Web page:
“….should the proposal still be in process of adoption on 1 February 2014….”

Fine. But how should a bank compliance officer react in that instance? A small poll, but so far, the belief amongst those I have spoken to is they have to work on the assumption that Feb 1st is the deadline, not August 1st. For example, does it require every authority to agree to the proposal or is it on a country by country basis? How long will that process take? By the time there is absolute clarity, the 2nd deadline is likely to have passed! Furthermore initial indications suggest that some countries, because of the progress to date, may decide to press ahead with the original deadline. Whilst admirable on one level, equally it does potentially cause complications by creating a multi-deadline deadline! It’s early days as to the actual impact. For most, this announcement came out of the blue. But, just as the boy who cried wolf was eventually ignored, the regulator who cried “No plan B!” may find that they have now created a series of problems for themselves.    

6 degrees of separation – from reality

6 degrees of separation – from reality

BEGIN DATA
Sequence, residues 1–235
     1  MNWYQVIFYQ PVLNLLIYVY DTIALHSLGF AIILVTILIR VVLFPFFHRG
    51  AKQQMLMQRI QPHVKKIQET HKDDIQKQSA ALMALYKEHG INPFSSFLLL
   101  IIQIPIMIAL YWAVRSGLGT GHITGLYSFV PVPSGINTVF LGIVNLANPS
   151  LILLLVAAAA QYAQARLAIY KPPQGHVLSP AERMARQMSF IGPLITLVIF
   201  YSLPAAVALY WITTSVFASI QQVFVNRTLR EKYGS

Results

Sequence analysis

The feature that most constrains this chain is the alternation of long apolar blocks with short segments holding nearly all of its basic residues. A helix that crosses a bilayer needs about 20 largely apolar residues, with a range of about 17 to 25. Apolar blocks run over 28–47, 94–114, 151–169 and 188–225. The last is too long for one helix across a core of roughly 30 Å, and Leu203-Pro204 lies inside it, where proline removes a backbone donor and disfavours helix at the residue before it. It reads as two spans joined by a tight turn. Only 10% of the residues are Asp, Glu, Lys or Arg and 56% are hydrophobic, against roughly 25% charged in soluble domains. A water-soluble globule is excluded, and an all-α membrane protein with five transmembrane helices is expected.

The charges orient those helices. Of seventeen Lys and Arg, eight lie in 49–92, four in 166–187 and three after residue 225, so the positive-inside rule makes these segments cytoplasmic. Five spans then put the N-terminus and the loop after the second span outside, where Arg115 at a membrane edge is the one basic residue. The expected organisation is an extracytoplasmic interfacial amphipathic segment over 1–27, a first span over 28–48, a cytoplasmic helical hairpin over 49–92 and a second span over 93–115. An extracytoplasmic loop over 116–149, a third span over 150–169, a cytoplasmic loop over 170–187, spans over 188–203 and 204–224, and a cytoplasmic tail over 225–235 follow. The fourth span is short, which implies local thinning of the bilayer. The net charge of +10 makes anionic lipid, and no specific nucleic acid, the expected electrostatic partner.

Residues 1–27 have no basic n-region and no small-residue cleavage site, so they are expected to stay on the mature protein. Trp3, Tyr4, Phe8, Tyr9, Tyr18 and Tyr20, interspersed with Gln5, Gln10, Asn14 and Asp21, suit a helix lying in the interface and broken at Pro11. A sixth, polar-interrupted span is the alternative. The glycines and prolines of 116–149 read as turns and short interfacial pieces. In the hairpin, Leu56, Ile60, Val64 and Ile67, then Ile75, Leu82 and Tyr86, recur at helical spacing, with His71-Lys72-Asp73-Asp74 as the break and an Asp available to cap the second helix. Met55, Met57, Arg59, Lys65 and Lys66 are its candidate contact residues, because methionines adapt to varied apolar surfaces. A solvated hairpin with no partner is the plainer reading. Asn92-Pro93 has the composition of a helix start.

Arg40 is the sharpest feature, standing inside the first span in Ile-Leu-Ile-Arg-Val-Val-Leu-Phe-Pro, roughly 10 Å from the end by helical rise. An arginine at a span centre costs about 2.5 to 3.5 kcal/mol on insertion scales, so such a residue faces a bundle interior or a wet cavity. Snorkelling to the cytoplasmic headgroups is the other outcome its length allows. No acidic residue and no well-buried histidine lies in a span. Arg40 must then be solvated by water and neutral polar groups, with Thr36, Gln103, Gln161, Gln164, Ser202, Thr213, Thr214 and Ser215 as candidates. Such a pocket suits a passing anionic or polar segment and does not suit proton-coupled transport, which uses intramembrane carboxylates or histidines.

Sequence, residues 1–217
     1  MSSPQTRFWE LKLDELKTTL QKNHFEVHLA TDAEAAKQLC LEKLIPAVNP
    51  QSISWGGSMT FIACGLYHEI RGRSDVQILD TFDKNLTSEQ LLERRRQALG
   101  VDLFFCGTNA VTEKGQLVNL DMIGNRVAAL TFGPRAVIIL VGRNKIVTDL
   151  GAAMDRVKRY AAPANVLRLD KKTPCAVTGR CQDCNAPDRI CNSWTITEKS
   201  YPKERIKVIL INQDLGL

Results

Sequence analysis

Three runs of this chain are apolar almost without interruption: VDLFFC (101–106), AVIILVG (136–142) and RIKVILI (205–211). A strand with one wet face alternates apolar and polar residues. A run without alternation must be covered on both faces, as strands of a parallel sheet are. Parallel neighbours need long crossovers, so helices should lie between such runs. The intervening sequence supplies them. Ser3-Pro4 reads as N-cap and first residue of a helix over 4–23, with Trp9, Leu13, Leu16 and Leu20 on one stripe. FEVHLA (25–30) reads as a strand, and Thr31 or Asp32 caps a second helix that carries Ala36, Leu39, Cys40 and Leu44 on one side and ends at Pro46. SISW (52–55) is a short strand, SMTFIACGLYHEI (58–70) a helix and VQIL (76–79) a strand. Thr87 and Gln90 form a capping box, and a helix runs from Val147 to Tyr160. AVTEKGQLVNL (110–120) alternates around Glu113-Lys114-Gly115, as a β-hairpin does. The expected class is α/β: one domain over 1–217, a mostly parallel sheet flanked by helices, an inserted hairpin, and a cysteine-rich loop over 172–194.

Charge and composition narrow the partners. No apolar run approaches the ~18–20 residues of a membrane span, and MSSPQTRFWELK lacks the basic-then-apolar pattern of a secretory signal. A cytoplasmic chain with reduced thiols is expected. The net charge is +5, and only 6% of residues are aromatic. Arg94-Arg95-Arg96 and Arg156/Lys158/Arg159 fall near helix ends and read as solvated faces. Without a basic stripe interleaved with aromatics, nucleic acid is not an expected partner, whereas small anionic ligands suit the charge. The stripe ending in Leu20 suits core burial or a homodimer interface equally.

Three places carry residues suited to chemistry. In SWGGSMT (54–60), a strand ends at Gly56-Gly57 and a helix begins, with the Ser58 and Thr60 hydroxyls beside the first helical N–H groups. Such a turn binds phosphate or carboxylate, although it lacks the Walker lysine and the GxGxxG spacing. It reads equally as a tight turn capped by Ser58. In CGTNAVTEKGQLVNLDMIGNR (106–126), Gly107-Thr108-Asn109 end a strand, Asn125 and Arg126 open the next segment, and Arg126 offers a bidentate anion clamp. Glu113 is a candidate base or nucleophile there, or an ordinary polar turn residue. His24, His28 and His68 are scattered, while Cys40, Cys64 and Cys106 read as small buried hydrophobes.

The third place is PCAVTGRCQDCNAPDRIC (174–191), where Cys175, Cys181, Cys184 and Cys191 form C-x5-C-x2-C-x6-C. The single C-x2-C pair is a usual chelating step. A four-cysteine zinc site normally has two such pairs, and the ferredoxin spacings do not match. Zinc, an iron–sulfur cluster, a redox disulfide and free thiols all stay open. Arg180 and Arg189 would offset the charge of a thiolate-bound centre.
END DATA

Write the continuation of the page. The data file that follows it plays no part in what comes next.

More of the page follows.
Many of us will have heard the theory of 6 degrees of separation. This suggests that anyone could be introduced to anyone else on the planet in 6 steps or less. This has in turn spawned a version called 6 degrees of Kevin Bacon, where any actor can be linked to Kevin Bacon – try typing Bacon’s Number into Google with an actor’s name and it will show you the number and connection route. In the payments industry, that separation is probably closer to 2 than 6. It’s inevitable that most of us who have worked in the UK will know someone close to the recent Payments Council Roadmap. When I say how thorough and well written it is, this isn’t out of politeness however. The Payments Council find themselves somewhat between a rock and a hard place, with the regulator seeming set on radical change come what may, rather than based on any tangible or rationale reason. Hence the terrible play on words in the title – the 6 outcomes set out by the roadmap suffer from 6 degrees of separation from reality. To be fair, the paper does not purport to be doing anything other than set out the options. But the danger is that the politicians will see these as possible solutions, rather than the setting out a set of theoretical options. The single largest barrier for many of the options is that significant investments have already been made in the banks payment systems and infrastructure, and often at the behest of the regulator. For instance, do a simple sum of the costs of the following initiatives: